Rumania had a vibrant graphic design industry - and produced some superb designers and illustrators too (think Saul Steinberg). But one of the only ways we in the West could know about it is through the group Graphic Front, which archives and publishes books on design before computers.
Before cigarette warning labels, tobacco products were sold loose, in plugs or in bags sealed with a product name or brand mark printed on a tiny tin tag or clasp. Explore several examples and their history.
Check out this handbook for wartime citizens, which describes and illustrates the insignias and graphics used by the various divisions of the armed forces.
Sylvain Boyer founded icons times, which he claims "is quite possibly the first iconographic news aggregator." It provides a new way to read the news by representing each breaking story as an informative icon. Icons times presents a series of icons evolving over time and topics, creating a new language and a new way...
Monograms and signets are beautiful typographic delights that require a keen design sense and a calligraphic hand. Get inspired by these German specimens from Max Körner's Das Neue Monogram und Zeichenwerk (c.1950).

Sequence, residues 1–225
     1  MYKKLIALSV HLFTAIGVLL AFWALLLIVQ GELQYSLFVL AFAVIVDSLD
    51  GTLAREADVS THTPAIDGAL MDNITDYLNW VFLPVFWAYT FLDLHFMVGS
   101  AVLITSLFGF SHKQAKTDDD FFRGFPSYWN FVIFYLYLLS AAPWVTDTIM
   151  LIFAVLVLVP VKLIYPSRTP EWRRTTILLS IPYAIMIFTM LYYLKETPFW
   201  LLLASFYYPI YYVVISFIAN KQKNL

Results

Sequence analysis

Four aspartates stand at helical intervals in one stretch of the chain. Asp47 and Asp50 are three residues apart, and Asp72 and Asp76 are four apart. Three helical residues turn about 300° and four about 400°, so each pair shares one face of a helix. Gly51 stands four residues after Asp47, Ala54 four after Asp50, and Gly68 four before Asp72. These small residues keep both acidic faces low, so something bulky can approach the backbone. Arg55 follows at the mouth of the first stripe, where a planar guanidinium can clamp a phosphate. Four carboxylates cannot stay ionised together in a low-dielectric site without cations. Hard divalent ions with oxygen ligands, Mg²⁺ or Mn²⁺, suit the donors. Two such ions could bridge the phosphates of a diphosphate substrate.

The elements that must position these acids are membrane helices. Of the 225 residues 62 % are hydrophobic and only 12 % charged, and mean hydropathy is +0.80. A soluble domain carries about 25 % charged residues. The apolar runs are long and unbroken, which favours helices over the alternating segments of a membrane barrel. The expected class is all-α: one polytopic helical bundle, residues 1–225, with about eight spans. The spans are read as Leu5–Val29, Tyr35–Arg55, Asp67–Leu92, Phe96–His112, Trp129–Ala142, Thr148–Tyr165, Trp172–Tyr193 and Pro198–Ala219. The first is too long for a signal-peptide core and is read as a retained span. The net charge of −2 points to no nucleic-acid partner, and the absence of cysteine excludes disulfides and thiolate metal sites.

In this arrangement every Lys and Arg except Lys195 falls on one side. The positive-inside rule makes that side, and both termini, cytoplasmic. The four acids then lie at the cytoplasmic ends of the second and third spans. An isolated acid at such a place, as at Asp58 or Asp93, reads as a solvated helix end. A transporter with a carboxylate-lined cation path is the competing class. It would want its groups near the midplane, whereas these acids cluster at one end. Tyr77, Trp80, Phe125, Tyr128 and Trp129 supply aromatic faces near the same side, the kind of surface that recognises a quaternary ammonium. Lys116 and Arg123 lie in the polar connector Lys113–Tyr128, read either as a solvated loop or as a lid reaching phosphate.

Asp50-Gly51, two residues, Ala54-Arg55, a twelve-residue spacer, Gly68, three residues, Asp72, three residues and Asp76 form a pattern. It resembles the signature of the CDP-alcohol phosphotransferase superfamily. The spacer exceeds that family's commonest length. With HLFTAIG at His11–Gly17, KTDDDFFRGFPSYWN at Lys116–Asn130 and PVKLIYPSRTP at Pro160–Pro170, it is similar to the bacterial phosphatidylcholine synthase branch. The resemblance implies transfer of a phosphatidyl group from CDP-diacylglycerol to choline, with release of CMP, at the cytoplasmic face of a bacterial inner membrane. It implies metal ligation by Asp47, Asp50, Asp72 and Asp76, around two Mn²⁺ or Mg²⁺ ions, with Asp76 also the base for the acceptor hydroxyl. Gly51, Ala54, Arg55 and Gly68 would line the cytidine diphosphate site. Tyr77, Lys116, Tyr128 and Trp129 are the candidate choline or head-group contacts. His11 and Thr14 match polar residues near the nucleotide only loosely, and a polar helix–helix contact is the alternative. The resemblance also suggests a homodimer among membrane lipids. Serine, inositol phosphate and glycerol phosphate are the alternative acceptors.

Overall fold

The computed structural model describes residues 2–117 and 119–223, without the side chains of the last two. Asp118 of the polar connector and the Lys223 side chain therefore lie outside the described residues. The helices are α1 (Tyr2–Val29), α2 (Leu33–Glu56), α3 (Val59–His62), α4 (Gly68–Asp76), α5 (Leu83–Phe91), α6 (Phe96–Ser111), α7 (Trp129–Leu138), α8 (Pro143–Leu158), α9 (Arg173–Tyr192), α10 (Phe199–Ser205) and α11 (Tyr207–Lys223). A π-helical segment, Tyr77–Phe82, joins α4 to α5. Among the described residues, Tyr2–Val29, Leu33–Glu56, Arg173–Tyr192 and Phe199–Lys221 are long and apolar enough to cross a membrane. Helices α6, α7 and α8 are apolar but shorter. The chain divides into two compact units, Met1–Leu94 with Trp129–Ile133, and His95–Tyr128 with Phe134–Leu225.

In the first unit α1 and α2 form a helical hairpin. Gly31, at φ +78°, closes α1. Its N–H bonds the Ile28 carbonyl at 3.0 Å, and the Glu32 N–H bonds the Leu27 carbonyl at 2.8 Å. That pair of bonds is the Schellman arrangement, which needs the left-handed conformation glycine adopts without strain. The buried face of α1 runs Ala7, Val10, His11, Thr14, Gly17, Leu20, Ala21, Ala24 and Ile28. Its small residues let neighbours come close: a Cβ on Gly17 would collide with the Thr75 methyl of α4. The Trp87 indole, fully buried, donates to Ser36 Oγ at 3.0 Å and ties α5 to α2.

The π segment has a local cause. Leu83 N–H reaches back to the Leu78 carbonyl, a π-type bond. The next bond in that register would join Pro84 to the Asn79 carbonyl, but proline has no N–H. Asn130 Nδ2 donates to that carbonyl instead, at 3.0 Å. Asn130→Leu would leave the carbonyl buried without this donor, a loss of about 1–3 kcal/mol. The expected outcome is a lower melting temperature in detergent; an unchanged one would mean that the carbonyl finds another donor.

Elegantissima,: The Design and Typography of Louise Fili, the monograph by Louise Fili, is now an exhibition with the same name opening on Thursday, November 21 at The Memorial Gallery at Farmingdale State College.
Starbucks is at it again. Last week it filed an intellectual property rights lawsuit against the owner of a Thai street vendor and called for his arrest. This is one year after Damrong Maslae ignored the company’s cease-and-desist letter to stop using their Bangkok coffee stall’s “Starbung Coffee” logo, on the basis of trademark...
WWII U.S. Army Air Force squadron logos were placed on letterheads or painted on aircraft, but most frequently they were made into patches worn on uniforms. A number of the logos were designed by the Disney Studios, but others were designed by artists who happened to be serving within the various units. They...
Not that they ever left, but monograms are back. And they are beautiful to behold. Once the accessory of the aristocratic, the monogram is a vibrant and vital piece of graphic design. Here are some vintage ones to whet the appetite.
I can't say I think of Planters' Mr. Peanut as a source of historical data, but this colorful little "Paint Book" from 1935 would seem to indicate otherwise.